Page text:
Brodick castle was built between 1250 and 1270, just one of three castles built at this time, the others being Kildonan and Lochranza. Located on a high wooded area of land at the foot of the Goatfell mountain range in Arran, the castle saw many a clan battle.
The name Brodick is thought to derive from Breiðvík dating back to the Viking age and meaning Broad Bay. The Viking connection is further backed up by the castles central location on the island. The Isle of Arran under went a variety of battles and treaties in the twelfth century before the island fell under the influence of the Stewart's, who would then soon vie for control with the MacDonald's.
Brodick castle was the strongest and most prepared for battle out of the three sister castles, suggesting that it was built by the MacDonald's who were renowned for their sturdy fortresses always ready for battle, with the Stewart's building the other two castles.
In the fourteenth century the owner of Brodick castle was a supporter of Edward l throughout the duration of the Wars for Scottish Independence, however this did not deter Robert the Bruce from seeking homage on the island. With the death of Edward l just on the horizon Bruce began his siege to capture all English held Scottish castles which eventually led to the victory at Bannockburn in 1314. It was hereafter that the Isle of Arran was granted to the Stewarts.
In the fifteenth century Brodick Castle came under further attack including a raid by Henry lV of England and an onslaught from the MacDonald's. Later in the same century the castle was passed to Lord James Hamilton, and his son also called James was titled as Earl of Arran in 1503. It was shortly after this change the castle was remade into a rectangular three storey Tower House. Further repairs were made to the castle following an attack in 1528 by the Campbells and the Macleans.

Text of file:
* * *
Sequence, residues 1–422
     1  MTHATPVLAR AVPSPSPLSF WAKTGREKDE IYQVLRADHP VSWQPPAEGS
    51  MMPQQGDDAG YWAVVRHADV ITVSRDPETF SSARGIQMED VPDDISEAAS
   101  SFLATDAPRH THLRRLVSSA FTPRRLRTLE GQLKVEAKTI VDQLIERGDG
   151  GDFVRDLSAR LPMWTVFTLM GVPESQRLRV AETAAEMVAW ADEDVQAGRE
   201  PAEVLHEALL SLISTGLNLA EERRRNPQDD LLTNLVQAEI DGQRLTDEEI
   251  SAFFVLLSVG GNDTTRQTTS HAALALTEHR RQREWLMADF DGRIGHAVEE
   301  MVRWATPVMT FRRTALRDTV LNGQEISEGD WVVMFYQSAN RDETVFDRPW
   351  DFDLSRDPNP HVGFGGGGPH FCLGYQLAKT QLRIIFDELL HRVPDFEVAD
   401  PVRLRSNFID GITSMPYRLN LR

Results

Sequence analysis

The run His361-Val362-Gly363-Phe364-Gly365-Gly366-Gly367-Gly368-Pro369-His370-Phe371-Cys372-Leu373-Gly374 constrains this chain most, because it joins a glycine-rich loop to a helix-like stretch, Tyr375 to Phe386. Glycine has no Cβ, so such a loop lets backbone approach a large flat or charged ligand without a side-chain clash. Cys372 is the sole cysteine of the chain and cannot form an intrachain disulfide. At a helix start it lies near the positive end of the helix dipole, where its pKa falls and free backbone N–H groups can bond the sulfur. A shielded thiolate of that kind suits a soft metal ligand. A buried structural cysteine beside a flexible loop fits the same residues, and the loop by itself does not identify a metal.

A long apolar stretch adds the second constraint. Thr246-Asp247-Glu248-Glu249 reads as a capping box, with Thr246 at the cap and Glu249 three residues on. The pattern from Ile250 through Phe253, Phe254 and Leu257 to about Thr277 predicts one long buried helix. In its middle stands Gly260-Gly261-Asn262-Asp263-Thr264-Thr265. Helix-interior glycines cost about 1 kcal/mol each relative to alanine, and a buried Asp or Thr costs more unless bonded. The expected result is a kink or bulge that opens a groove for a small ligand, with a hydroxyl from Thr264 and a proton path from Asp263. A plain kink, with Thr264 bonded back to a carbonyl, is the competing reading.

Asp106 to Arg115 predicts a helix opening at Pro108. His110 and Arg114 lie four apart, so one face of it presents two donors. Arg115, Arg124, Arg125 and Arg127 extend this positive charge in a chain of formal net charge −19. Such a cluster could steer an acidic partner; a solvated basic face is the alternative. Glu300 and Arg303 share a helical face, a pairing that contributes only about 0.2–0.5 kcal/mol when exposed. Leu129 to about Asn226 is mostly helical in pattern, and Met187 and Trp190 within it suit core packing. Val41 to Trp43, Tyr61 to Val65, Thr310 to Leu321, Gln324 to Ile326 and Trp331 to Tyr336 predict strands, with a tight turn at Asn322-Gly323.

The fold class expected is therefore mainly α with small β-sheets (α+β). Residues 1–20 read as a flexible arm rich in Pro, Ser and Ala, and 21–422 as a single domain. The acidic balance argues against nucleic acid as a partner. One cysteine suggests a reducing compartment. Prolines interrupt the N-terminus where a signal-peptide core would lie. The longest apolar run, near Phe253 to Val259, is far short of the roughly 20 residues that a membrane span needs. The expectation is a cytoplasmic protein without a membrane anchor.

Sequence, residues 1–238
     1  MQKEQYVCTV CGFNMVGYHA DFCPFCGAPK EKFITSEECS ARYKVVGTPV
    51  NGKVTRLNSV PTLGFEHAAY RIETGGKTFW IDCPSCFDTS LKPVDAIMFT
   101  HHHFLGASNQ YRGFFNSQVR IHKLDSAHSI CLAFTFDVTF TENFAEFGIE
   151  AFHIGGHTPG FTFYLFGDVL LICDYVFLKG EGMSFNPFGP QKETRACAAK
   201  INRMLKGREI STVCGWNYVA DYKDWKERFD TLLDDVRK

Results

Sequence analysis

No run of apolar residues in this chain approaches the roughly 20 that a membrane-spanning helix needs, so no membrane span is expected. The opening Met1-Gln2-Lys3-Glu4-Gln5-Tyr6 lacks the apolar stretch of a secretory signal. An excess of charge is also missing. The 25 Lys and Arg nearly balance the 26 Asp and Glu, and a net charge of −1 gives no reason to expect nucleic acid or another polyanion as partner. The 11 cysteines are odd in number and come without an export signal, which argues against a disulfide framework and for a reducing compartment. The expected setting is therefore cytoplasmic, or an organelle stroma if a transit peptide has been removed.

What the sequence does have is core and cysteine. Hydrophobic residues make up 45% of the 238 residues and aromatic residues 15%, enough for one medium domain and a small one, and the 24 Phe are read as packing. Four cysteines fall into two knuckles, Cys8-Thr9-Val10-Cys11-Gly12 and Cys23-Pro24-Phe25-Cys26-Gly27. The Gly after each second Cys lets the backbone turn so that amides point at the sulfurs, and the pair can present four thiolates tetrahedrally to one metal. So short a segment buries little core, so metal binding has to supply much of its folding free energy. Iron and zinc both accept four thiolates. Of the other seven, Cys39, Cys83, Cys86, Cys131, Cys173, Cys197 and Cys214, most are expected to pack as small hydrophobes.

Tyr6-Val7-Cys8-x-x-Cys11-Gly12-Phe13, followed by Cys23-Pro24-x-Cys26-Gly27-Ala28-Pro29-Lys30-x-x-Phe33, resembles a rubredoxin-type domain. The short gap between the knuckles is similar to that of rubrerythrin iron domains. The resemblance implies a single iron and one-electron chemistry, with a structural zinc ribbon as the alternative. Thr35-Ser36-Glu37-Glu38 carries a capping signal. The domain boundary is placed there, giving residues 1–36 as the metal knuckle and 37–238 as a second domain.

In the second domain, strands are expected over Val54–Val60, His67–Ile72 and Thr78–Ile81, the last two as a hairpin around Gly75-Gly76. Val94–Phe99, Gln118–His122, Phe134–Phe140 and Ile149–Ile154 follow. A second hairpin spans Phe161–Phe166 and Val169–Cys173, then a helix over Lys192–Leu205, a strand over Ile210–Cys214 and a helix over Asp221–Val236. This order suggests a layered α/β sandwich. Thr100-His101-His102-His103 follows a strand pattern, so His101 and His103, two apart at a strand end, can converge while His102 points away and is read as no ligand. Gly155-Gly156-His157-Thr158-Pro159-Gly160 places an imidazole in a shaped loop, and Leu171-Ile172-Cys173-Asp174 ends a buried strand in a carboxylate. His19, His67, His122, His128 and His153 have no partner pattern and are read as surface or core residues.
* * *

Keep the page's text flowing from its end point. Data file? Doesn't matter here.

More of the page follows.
Brodick was still owned by the Hamiltons when the War of the Three Kingdoms began in the seventeenth century. James Hamilton supported the Royalist movement and was greatly opposed by the all powerful Campbells who attacked the castle in 1639 and again in 1644. James was later executed following his defeat at the Battle of Preston and the parliamentary forces under Oliver Cromwell overran Scotland.
Brodick castle was protected by English troops in 1652 until they withdrew when it was returned to the Hamiltons and restored again. The Hamilton's had other extensive lands elsewhere and Arran became less important to them. In the nineteenth century Brodick castle was rebuilt and refurbished to the way it is today. This began in 1844 with Alexander, Duke of Hamilton.
The castle was then passed on by marriage to James Graham, Duke of Montrose in 1906, where it remained in the family until 1957 when it was given to the Treasury in substitute of inheritance tax and placed into the care of the National Trust for Scotland. This is how the castle remains today for all to see and you can visit it and explore the grounds for a fantastic family day out.